NOTE: At the time of this writing, Tim had not updated the NuGet repository.  However, in March 2015, I added capabilities to DryRunner allowing you to specify build targets, override the Project Directory, and use macros for Pre- and Post-Build events.  Tim did merge those changes to the source, but as I just stated, those changes weren’t deployed to NuGet. So, if you need those features, you’ll need to visit the GitHub repo, download the source, build manually and then reference the libraries in your AcceptanceTests project.

As stated on the previous page, there is a CAS security issue with WatiN because of how it is added to the project automatically with NuGet.  Visual Studio will throw a hissy-fit because WatiN is using COM to launch an instance of IE for automated testing.  In order to overcome this hurdle, we’ll need to remove the references from our project and then re-add them.  Then, we’ll need to set a security property.

  1. In the Calculation.AcceptanceTests project, expand References
  2. Remove Interop.SHDocVw and WatiN.Core
  3. Now, we’ll need to add them back
  4. Right-click on References and click Add Reference
  5. Choose Browse… to locate the assemblies manually
  6. Go to your solution folder, then find the packages subfolder
  7. Inside the packages subfolder, open the WatiN.x.x.x subfolder
  8. Inside the lib subfolder, find the corresponding .NET version
  9. Your current location should be something like %SolutionDir%\packages\WatiN.x.x.x\lib\netxx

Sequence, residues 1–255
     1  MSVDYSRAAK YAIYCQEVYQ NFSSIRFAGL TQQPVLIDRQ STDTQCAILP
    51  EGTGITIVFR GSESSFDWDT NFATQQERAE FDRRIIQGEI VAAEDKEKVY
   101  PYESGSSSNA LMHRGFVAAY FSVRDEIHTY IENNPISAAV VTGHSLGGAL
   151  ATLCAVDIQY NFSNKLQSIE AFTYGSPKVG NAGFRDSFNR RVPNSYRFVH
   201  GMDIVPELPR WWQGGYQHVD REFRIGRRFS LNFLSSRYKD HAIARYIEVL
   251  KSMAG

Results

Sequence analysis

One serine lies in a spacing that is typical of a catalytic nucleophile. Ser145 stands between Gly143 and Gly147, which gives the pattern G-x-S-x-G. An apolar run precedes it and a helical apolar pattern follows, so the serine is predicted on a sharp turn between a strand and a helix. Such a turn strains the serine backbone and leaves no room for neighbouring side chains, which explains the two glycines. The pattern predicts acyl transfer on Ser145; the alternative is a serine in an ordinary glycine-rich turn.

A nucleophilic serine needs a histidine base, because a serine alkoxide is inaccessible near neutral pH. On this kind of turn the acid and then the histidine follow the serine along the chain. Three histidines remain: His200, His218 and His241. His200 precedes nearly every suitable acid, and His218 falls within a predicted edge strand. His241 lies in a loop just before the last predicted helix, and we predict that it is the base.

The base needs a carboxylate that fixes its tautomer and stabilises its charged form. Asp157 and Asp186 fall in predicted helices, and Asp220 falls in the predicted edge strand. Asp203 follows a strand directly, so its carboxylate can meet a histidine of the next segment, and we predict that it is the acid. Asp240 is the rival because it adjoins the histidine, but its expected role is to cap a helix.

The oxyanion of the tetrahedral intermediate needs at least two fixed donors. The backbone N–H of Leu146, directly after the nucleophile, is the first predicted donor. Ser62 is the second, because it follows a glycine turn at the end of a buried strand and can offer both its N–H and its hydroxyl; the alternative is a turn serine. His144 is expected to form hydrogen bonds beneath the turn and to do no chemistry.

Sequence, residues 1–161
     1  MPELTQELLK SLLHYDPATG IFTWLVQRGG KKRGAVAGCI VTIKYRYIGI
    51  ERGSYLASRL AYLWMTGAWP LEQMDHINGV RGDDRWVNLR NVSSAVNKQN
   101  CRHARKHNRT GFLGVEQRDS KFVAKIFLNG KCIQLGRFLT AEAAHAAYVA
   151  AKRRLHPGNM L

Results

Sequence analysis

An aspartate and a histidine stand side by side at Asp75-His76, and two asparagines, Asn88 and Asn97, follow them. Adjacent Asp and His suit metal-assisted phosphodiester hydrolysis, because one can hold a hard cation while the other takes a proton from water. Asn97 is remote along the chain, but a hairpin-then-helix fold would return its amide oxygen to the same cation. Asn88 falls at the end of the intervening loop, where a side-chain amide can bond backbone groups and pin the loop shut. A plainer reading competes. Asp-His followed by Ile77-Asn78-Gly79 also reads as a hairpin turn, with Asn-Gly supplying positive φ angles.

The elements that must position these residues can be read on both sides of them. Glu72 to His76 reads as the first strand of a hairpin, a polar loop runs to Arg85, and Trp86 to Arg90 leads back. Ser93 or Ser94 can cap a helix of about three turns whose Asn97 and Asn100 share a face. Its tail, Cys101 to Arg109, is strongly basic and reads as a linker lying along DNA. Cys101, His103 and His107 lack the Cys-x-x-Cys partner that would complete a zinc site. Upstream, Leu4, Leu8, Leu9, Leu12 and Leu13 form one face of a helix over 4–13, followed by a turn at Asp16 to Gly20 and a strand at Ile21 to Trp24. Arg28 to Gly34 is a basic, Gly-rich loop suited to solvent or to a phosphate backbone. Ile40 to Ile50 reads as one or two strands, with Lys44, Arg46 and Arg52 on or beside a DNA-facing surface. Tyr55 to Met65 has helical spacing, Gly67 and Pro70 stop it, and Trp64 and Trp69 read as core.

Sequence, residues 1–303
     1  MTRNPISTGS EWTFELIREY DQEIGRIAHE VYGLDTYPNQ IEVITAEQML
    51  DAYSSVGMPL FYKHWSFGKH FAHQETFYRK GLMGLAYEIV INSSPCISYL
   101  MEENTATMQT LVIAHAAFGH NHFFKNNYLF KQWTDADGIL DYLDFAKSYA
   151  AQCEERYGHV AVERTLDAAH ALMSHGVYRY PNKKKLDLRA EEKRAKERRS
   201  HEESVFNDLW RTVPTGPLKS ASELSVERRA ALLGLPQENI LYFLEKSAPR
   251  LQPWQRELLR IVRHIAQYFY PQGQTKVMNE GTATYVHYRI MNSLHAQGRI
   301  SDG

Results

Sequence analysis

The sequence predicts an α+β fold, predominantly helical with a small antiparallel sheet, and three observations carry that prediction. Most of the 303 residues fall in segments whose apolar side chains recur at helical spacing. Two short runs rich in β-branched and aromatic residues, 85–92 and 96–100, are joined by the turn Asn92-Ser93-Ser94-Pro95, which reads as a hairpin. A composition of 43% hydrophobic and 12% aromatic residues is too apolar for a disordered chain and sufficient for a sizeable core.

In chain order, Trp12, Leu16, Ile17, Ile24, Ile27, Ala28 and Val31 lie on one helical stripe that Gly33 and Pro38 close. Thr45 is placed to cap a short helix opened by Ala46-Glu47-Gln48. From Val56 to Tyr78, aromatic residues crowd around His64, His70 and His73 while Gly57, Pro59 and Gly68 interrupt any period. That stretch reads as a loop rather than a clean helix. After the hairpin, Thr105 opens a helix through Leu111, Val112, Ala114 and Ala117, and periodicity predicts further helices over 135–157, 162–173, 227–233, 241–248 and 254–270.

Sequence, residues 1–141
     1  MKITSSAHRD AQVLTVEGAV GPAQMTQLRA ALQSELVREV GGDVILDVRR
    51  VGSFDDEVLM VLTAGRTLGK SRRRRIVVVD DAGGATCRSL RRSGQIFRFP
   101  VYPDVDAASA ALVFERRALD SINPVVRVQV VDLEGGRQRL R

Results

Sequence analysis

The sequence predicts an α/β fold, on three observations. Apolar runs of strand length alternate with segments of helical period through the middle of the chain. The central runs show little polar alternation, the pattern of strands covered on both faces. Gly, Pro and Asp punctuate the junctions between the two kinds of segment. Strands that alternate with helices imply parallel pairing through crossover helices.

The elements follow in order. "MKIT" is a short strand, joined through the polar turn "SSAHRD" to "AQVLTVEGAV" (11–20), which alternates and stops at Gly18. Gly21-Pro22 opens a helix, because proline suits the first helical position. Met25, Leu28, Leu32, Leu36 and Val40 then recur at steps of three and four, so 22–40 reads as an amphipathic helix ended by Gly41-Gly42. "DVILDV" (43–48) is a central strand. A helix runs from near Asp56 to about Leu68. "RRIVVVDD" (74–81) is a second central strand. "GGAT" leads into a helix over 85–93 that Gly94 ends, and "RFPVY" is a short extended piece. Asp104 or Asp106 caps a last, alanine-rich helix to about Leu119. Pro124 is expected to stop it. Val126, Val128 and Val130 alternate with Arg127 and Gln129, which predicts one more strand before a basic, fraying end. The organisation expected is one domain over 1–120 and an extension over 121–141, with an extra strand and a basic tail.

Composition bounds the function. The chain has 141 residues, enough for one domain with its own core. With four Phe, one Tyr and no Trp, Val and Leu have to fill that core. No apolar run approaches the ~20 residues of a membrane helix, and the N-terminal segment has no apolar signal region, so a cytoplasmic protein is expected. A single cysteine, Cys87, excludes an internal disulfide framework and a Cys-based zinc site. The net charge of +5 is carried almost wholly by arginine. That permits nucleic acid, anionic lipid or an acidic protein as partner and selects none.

10. Now re-add Interop.SHDocVw.dll and WatiN.Core.dll (hold down Ctrl to select both and add them add the same time)
  11. Click OK in the Reference Manager
  12. We now have to set a property for the Interop.SHDocVw
  13. Either right-click on the Interop.SHDocVw and choose Properties; or, click once on the reference and press Alt+Enter
  14. There will be a property called Embed Interop Types which is currently set to True
  15. You’ll need to change this value to False

I know the above steps may seem tedious, but once you do it a couple of times, it literally takes you less than a minute to do all of this.  Overall, it’s relatively simple.

Once you’ve completed all of the above steps, your solution should look like the image on the right.


Edit the App.Config

There are two final things you’ll need to do: 1) provide WatiN/DryRunner with the URL of your testing site (more about this a little later); and, 2) tell SpecFlow which unit testing framework you’re using (e.g. MSTest or NUnit).  To do this, you’ll need to edit the app.config.  Open the app.config of you acceptance tests project and change it to look like the following:


NOTE: If you’ve already added some SpecFlow features, you made get a warning message stating that your changes may require your feature files to be regenerated.  The feature code-behinds are what will make our method calls for our steps (again, more about this later).  For the time being, go ahead and click Yes.

Again, the two things we’ve done are: 1) created an appSetting that configures the URL of our testing server (which allows us to update it in one place); and, 2) tells SpecFlow that we want to use the MSTest unit testing engine.

Our project setup is now complete.  We can now discuss our acceptance tests in a little more detail and begin building our project.